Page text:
Aaron Sorkin’s new play adaptation of Harper Lee’s To Kill a Mockingbird hit the West End in March this year and will continue to be performed at the Gielgud Theatre, and has tickets available into next year. This renowned production incorporates a perfectly produced cast of thirty, directed by Bartlett Sher. I was lucky enough to see English actor Rafe Spall portray the protagonist Atticus Finch, earlier in August, whose role has also been depicted by Richard Coyle and will be played by Stranger Things star Matthew Modine in November. 


Harper Lee’s novel of racial injustice and the loss of youthful innocence has sold more than 45 million copies across the world. Published in 1960, To Kill a Mockingbird immediately became a great success. This American classic, set in Alabama in 1934, focuses on the question of what is right and wrong, while differentiating between moral and legal obedience.  The titular quote alone: “Shoot all the blue jays you want [..] but remember it’s a sin to kill a mockingbird” highlights this dominant message. The poignant novel has provided some of literature’s most enduring characters: Atticus Finch, a fictional embodiment of racial heroism and his children Scout and Jem. The misunderstood Arthur “Boo” Radley represents both the dangers that children face today, and also the importance of empathy. In 2017, during his farewell address, Barack Obama stated: “Each of us needs to try to heed the advice of a great character in American fiction: Atticus Finch, who said that you never really understand a person until you consider things from his point of view.”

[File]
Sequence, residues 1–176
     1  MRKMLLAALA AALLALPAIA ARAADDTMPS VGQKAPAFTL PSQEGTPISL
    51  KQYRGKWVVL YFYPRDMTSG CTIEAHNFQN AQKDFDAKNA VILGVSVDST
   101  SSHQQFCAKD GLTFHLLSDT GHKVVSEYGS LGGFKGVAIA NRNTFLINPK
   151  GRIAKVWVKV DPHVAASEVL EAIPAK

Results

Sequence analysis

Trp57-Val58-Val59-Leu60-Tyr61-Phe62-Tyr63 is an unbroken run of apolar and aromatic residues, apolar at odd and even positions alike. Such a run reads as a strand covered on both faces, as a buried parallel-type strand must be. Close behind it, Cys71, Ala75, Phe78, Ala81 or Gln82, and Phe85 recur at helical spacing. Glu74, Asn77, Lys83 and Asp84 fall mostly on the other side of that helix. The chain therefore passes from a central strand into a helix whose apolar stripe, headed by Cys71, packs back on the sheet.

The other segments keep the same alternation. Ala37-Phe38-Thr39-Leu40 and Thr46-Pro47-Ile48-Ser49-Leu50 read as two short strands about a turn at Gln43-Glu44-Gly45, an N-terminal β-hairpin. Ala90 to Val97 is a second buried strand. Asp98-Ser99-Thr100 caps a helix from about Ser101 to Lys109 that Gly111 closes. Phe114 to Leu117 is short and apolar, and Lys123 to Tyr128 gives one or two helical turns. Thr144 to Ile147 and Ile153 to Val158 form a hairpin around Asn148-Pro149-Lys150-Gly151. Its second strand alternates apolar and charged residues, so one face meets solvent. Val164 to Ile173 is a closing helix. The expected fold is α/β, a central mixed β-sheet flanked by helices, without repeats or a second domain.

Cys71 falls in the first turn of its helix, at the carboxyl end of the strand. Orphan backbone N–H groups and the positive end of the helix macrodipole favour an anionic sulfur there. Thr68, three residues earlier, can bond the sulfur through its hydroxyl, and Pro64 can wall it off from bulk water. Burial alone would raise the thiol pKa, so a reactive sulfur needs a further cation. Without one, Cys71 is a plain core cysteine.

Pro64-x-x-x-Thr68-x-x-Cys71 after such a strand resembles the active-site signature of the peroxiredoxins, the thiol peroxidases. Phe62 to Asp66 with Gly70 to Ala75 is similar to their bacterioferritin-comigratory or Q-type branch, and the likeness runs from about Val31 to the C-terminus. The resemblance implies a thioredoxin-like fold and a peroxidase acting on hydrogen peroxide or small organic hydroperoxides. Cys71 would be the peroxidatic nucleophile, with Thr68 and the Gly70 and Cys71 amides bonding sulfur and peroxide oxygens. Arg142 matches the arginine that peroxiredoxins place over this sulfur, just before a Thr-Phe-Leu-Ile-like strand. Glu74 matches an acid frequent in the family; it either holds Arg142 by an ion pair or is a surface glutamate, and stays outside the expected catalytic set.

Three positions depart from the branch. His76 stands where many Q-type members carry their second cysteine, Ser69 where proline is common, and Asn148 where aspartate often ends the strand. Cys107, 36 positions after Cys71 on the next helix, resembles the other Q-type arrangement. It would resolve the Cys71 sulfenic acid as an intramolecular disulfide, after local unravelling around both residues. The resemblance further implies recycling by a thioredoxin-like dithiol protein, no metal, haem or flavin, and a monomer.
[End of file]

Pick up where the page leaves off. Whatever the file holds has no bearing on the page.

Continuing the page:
On 26th February 2020, the admirable cast of To Kill a Mockingbird performed in Madison Square Garden, New York City, to 18,000 school children; becoming the largest single performance in the history of world theatre, staging a family-friendly adaptation educating the American youth, while comforting them with its warmth and humour. Prior to its close on Broadway in March 2020, this production had not performed to a single empty seat. 


I am so fortunate to have watched this perfectly created production, educating me further on the shocking history of racial injustice in America, and bringing my favourite read to life. With its attention to original detail, whether it be through the costumes or the set itself, this play flawlessly illustrates one of the most touching novels in the history of literature, and is a portrayal that should be seen by all. 


    Please be advised that this performance does contain racially explicit language, themes and content, and references to sexual abuse and violence, and is, therefore, recommended for ages 12+.